CHINA — Planning Board members continue to receive both criticism and praise for their efforts to revise the town’s shoreland septic system compliance program.

At Tuesday’s meeting, Frederic Hayden, the resident who started the petition drive to repeal the entire program, told board members the new version is still far too extensive.

But Jim Hart, director of water quality for the Kennebec Water District, encouraged the board to present what he considers an improved and simplified program to voters in June.

With only three members present Tuesday, the Planning Board took no further action on the draft program. Board members intend to have a document ready for the June local ballot, to give voters an alternative to repealing the septic system compliance program.

Both the current and the proposed programs require inspections of septic systems within 250 feet of lakes, including China Lake, if the system was installed before 1998 or if the property-owner cannot provide complete documentation for a 1998 or newer system. The west basin of China Lake provides water for the water district; the east basin is ringed by camps and houses.

“I think a neighbor would like to know his neighbor’s system is functioning properly when they’re swimming in the lake,” Hart said.

The program that China voters approved in 2009 requires an inspection of every pre-1998 undocumented system around a lake by the end of 2014. Those that are working properly are to be re-inspected at four-year intervals.

The draft the Planning Board is working on eliminates the re-inspection requirement for fully documented systems installed after July 31, 1974, and stretches it out for other systems.

Hayden believes an inspection program, if necessary at all, should apply only to systems installed before 1974, when the first regulations took effect, and within 100 feet of a lake.

He and resident Al Althenn challenged the premise that septic systems contribute to the decline in lake water quality in China Lake. Althenn has argued for years that the real problem with the lake is the state decision 35 years ago to raise the water level, thus flooding the shoreland wetlands that ought to be filtering out pollutants and the nitrates and phosphorus that cause algae blooms.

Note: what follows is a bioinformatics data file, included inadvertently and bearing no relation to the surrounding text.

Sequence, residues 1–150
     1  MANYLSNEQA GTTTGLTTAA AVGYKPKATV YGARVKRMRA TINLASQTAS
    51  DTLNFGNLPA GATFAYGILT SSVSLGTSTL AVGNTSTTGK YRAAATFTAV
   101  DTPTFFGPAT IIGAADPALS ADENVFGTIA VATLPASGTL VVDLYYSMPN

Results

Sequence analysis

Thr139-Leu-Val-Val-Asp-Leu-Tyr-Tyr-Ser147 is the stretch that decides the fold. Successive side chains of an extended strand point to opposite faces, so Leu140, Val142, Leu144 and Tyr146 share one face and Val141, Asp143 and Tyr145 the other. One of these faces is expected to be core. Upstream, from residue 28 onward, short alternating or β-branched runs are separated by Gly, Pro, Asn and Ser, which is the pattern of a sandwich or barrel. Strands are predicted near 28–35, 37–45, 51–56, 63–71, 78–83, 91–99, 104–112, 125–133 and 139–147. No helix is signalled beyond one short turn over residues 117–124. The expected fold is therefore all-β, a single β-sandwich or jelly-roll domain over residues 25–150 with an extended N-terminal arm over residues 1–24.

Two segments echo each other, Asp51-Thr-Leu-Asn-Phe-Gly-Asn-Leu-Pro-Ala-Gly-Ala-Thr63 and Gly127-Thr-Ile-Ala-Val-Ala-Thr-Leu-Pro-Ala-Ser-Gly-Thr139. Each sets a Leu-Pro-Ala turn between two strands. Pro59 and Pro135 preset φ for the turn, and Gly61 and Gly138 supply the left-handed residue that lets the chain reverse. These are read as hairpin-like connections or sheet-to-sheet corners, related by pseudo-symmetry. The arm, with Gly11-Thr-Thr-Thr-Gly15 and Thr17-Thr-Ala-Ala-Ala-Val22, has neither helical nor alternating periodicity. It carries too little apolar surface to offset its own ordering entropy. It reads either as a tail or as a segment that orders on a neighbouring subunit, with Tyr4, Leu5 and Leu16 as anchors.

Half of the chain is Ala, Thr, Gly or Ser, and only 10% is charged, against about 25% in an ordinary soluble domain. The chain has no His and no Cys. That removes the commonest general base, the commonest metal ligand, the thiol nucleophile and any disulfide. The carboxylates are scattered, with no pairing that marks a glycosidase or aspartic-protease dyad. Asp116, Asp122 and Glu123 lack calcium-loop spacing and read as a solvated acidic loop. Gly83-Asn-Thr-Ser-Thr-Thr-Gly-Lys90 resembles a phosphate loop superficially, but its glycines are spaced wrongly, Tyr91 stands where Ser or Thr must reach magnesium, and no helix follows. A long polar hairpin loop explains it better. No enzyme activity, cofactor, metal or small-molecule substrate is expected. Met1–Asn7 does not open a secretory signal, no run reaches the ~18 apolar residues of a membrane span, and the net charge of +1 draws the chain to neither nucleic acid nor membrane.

Hart cited a state study that found septic systems make a 5 percent contribution to China Lake’s problems. Althenn said the study was based on guesswork and assumptions.

Other audience members offered suggestions for either revising the ordinance or developing alternative ways to detect malfunctioning septic systems. Several favored Althenn’s suggestion of dye tests — putting dye into a toilet, or perhaps into the septic tank, and seeing whether it appeared in the lake.

State soils scientist David Rocque said dye tests work if effluent is being discharged directly into the water body or through rocks. The test does not work if the dyed water runs through soil, he said.

Code Enforcement Officer Scott Pierz said he has never seen a straight-pipe discharge into China Lake. Residents claim there are some, he said, but no one has been able to show him one.

The board also talked briefly about another proposed regulatory change, an amended ordinance to govern home occupations in China. That, too, was intended to go on a June ballot, but acting board Chairman Milton Dudley said he didn’t think it would be ready in time.